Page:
2. We are so enjoying your blog, Matt and Jenn! The chocolate looks amazing. We may try to do a day trip too. Fred and I are now in our casita in Herradura. It is so serene here. We saw monkeys on Tuesday and a very large iguana yesterday…all from our patio. Sadly, we need to sell our casita, but we will always return to Costa Rica. If you have any suggestions for places to stay in the Osa, would love to hear them. We have not been, but are determined to visit this trip.

    1. Hi Marsha, Thanks for reading! That’s great that you are back in Costa Rica and enjoying the awesome wildlife around Herradura, we saw a lot while we were there too. You should definitely check out La Iguana, it’s a nice day-trip from Herradura and the drive is really beautiful. The OSA is also amazing and is a must. We are actually heading to Drake Bay next week for a few days so look for a fresh post about that soon! Great to hear from you!

  3. We just returned from our first trip to CR and spent 8 days in Manuel Antonio. Sadly, we missed La Iguana Chocolate. This sounds like another great reason to return. Thank you for the great articles and information. I am always excited when the next email arrives!

  4. Hi Jenn and Matt – our last day in Costa Rica will be driving from Dominical back to a B&B near the SJO airport. We don’t really have much planned that day other than the drive and returning the rental car. Do you think we would have time to add in the Iguana Tour and still get back to San Jose by night fall, or do you think that would be too much for one day?

    Thanks for all of your work here! Your blog and book have been incredible for helping with trip planning.

      1. Thanks for the reply! We will be in Dominical from December 3-7 but will try to fit something else in on the drive to San Jose. Too bad, that chocolate looks delicious

  5. Love your blog – it has been so helpful in planning our trip. We would like to take this tour between our stay in San Ramon (Villa Blanca) and Quepos/MA. What route would we take to get there and how driveable is it? Would an arranged transfer work for this connection? Any additional information on this and similar connections would be greatly appreciated — as I’m currently having the great debate over driving vs. arranged transfers. Thank you!!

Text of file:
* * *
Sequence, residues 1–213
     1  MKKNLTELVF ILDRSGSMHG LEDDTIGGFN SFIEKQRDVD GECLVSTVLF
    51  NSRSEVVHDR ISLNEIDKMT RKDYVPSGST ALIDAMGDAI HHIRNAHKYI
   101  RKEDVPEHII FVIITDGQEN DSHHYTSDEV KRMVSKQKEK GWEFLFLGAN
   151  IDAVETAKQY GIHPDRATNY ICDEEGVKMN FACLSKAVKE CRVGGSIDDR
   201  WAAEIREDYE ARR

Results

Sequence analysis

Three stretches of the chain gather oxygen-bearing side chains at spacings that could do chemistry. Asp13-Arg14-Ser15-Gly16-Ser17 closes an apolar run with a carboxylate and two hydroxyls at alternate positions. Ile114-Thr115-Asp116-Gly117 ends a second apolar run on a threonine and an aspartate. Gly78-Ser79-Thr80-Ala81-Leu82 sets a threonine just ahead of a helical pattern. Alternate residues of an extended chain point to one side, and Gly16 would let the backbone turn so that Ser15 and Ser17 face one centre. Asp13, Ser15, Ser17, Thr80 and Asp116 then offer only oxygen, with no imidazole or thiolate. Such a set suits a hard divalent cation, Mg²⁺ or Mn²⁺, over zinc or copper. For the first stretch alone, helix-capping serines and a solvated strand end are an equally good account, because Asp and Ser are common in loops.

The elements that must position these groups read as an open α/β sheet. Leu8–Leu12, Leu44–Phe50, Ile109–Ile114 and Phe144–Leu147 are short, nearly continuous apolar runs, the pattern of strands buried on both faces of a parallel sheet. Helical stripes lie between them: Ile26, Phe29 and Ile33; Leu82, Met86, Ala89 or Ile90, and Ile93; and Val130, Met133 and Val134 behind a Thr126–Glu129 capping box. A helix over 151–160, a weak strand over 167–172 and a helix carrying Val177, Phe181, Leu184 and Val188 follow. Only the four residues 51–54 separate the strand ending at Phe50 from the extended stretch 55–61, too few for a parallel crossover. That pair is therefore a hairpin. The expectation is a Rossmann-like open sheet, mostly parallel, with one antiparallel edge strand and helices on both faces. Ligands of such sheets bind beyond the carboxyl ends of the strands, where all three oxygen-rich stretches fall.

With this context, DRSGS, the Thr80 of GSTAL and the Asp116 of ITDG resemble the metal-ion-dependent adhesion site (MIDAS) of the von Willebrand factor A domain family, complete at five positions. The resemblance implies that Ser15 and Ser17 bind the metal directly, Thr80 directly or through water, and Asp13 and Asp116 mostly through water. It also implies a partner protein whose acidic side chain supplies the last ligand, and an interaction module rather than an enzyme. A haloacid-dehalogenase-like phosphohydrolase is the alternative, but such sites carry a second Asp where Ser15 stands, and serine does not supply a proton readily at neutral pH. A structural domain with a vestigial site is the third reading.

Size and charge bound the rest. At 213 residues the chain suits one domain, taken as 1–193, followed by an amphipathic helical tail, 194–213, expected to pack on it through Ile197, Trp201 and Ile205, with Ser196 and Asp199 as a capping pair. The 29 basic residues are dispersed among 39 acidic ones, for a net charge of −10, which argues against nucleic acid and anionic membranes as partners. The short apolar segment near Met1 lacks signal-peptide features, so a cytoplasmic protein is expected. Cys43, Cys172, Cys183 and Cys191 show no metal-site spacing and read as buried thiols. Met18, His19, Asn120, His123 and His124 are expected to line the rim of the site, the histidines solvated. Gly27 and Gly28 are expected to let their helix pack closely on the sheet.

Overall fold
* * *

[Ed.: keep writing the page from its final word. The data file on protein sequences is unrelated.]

1. Hi Kristin, Unfortunately La Iguana is quite far out of the way for you. We have not driven the whole way from Highway 34 north to San Jose via Puriscal but as far as we know, most of that is slow rough dirt road. To get from San Ramon to Quepos, the preferred route is the coastal Highway, 34. You wouldn’t want to access La Iguana that way, though, since it’s a long detour off Highway 34. You could arrive by private shuttle but it would be expensive since it’s a long trip. Maybe it would be better to do as a day trip from Manuel Antonio?

  6. Hi! It’s fun to find someone else that was at La Iguana. I work at a chocolate shop in St. Louis, MO, and a group of us enjoyed a weekend visit early this month. We stayed at the farm, and loved every minute of it! In fact, we brought home some untempered chocolate, and created a special treat to celebrate Earth Day. We flew into San Jose and spent the first night. The next day, we boarded our shuttle for a 4 hour (approx) drive to the farm. On the trip back to the airport, our driver took us along the Pacific coast. We had a fantastic time; in fact, can’t wait to visit again!

  7. This tour sounds amazing! Do you know if there is public transportation that can take you there if you are not renting a car (like taxis)?

    1. Hi Brittany, We wouldn’t try taking the bus unless you’re planning to do an overnight near the farm, but you definitely arrange a taxi to take you. It is remotely located so it will probably be quite pricey depending on where you’re coming from, since the driver will wait for you to do the tour. A private shuttle/driver is another option. Let us know if you’d like us to get you a quote. There’s more info on our website here.